Nate: I’d actually say we were more active in the years before the first record, haha.
Which would interest Vit more: being the band that puts Ohio on the proverbial map, or being the band that wipes Ohio off the map?
John: I think Ohio is very integral to our sound and is a huge part of the band. The fact that both covers feature corn fields is no coincidence. Every picture on The Dry Season packaging was taken on some random morning in the woods and fields behind my house, even the decaying deer carcass that’ll be on the gatefold. We’ve all lived here our entire lives and I know I wouldn’t mind staying forever, although I might not have a choice soon. But no matter what, I think Vit will always live and breathe Ohio.
Zack: I believe both of those options to be unimportant in the greater scheme of things.
Where does the new record take you? Where might it take its listeners?
Zack: It’s a concept album. The summer before recording was extremely hot with very little rainfall. The EP details that summer.
Nate: It serves as another “chapter” or “stepping stone” into the direction we have consciously chosen to take our music. It’s a bridging point between our beginnings (“-“) and the steps that will progress us to the natural end we perceive for Vit. The ideas illustrated on the first release are pushed further with “The Dry Season” while married with these newer ideas that will become more prominent in future releases.
John: It’s definitely much more varied than the debut, but at the same time more focused and features better songwriting. Each song on the EP showcases a different side of us, and I think that allowed us to get a lot more creative. Additionally, we didn’t have to worry about studio cost because we recorded the whole thing in our friend’s basement. While this makes for a much more raw sound than current listeners are probably used to, I think it’s a better fit for the band.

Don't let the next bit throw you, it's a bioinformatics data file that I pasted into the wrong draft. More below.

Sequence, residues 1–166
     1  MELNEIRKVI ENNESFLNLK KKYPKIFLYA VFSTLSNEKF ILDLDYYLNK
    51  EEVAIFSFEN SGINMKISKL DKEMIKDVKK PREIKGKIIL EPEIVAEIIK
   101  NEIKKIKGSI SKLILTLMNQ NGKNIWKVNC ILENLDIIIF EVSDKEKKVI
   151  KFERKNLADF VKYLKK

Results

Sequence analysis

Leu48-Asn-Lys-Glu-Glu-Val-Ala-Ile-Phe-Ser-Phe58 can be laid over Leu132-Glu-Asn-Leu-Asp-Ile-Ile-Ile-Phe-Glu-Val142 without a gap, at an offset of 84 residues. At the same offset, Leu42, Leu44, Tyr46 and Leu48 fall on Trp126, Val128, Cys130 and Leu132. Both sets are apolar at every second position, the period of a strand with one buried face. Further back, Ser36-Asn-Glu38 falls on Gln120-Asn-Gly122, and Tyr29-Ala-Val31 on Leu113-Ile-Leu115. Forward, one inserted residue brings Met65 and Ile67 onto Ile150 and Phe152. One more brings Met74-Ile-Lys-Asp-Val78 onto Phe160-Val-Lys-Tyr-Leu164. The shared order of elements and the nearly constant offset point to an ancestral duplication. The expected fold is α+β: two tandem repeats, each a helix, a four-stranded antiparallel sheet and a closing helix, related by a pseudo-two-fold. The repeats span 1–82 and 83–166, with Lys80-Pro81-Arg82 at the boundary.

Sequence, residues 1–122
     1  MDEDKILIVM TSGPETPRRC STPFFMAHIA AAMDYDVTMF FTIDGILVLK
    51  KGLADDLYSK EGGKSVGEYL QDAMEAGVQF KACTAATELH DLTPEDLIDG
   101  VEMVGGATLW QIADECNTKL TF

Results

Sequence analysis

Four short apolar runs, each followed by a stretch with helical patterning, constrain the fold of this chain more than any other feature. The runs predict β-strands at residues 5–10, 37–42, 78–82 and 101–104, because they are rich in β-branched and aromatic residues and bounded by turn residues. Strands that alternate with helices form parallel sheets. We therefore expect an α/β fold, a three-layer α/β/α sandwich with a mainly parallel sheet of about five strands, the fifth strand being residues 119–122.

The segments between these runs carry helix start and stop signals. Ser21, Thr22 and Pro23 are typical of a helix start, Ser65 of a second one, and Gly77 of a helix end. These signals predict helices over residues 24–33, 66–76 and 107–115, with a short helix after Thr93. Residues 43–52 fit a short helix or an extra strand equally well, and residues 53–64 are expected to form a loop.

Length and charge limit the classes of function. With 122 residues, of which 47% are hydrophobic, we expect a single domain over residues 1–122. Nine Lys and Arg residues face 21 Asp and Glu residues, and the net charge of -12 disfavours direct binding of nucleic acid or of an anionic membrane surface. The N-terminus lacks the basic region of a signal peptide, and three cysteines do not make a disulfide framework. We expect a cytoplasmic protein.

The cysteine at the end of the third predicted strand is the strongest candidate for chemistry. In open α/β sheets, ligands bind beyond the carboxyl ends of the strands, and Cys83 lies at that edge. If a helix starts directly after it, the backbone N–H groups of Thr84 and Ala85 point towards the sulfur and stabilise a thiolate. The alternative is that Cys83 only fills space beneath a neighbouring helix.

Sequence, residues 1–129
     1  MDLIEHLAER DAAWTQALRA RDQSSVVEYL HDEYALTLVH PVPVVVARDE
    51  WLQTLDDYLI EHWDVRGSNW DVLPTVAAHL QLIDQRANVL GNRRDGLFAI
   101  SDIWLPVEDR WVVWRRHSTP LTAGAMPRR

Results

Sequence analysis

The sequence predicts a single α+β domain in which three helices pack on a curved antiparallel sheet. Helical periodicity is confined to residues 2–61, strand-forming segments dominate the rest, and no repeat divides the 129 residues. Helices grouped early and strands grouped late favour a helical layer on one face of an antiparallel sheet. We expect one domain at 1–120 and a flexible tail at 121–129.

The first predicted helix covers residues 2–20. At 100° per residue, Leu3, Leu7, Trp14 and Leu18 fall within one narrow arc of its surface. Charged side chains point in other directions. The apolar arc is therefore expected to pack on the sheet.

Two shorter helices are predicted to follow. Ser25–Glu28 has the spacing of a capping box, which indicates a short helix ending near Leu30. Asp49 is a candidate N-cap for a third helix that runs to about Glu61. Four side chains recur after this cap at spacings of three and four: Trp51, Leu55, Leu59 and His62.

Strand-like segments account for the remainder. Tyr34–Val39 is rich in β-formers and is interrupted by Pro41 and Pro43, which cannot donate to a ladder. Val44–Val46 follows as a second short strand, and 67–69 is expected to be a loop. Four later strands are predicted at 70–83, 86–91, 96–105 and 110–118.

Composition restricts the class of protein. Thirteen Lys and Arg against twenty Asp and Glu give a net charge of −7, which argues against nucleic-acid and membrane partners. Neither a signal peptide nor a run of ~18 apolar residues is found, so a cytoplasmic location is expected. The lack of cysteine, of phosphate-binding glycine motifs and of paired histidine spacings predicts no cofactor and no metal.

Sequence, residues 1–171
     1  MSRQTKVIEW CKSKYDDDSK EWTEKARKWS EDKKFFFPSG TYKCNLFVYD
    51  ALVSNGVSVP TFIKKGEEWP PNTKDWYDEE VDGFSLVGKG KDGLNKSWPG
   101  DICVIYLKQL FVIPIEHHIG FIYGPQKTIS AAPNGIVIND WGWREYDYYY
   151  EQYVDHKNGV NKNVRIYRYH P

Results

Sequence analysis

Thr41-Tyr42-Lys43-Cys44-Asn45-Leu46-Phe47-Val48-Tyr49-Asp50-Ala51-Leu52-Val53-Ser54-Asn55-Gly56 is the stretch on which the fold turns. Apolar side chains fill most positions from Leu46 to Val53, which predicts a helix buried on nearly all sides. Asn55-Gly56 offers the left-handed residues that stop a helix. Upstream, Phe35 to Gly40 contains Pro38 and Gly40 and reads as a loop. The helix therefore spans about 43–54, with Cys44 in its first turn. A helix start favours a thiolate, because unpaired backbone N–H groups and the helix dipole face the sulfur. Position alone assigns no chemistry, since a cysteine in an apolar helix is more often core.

What was it like working with David Hall on the video of “16 Bodies”? What level of input did you have?
Unfortunately, we aren’t able to go film with him since he lives up in the Great White North, but we told him what we thought a Vit video would look like and what sort of imagery should be there. Of course it isn’t a completely authentic representation of a Swansylvanian landscape, but the mood is there. David has a very unique visual style and I think it conveys what we wanted perfectly. Most people probably think of him as a guy who does fucked up grindcore videos, but he can do slow and atmospheric as well.
Mr. Hall suggested the band members have some interesting non-musical things going on in their lives. Care to elaborate?
Nate: I do a lot of artwork/illustration (whatever you choose to call it) both on a personal level (I’ve been drawing all my life) and on a professional one. I’ve been extremely lucky and humbled to have a wide array of people interested in my work. I also dabble in a few other musical projects.
John: I’m an astrophysicist working toward a PhD. That’s one of the big reasons we don’t get out much and why it took us 2 years to make an EP, haha. We’re also all into alcohol to a pretty high degree. Not that we’re drunks or anything, but we appreciate a fine libation. I’ve been brewing beer for a few years and Nate just started getting into it.
What other important ideas do Vit hope to unleash upon the world?
John: Music, I guess. We wouldn’t be too good of a band if we didn’t have music.
Additionally, I’d like to publicly thank Austin Lunn, Johan Becker, Topon Das, James Plotkin, and of course David Hall. This release wouldn’t have come together without them.